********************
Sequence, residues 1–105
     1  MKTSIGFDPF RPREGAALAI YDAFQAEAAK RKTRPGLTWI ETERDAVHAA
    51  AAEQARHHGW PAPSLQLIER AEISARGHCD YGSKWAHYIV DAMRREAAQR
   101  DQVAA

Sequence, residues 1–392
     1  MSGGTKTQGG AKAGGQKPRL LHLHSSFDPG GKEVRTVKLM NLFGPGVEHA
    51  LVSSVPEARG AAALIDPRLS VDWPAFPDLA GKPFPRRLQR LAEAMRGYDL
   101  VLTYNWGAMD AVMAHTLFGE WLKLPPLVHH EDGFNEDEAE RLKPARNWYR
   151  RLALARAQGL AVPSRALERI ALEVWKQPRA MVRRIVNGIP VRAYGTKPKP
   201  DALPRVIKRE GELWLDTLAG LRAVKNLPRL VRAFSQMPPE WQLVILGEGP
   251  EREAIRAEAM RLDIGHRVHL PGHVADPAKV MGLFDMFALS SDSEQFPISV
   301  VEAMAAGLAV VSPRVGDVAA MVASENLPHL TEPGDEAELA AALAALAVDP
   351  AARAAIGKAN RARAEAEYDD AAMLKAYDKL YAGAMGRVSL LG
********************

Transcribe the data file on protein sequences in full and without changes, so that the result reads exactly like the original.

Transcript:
Sequence, residues 1–105
     1  MKTSIGFDPF RPREGAALAI YDAFQAEAAK RKTRPGLTWI ETERDAVHAA
    51  AAEQARHHGW PAPSLQLIER AEISARGHCD YGSKWAHYIV DAMRREAAQR
   101  DQVAA

Sequence, residues 1–392
     1  MSGGTKTQGG AKAGGQKPRL LHLHSSFDPG GKEVRTVKLM NLFGPGVEHA
    51  LVSSVPEARG AAALIDPRLS VDWPAFPDLA GKPFPRRLQR LAEAMRGYDL
   101  VLTYNWGAMD AVMAHTLFGE WLKLPPLVHH EDGFNEDEAE RLKPARNWYR
   151  RLALARAQGL AVPSRALERI ALEVWKQPRA MVRRIVNGIP VRAYGTKPKP
   201  DALPRVIKRE GELWLDTLAG LRAVKNLPRL VRAFSQMPPE WQLVILGEGP
   251  EREAIRAEAM RLDIGHRVHL PGHVADPAKV MGLFDMFALS SDSEQFPISV
   301  VEAMAAGLAV VSPRVGDVAA MVASENLPHL TEPGDEAELA AALAALAVDP
   351  AARAAIGKAN RARAEAEYDD AAMLKAYDKL YAGAMGRVSL LG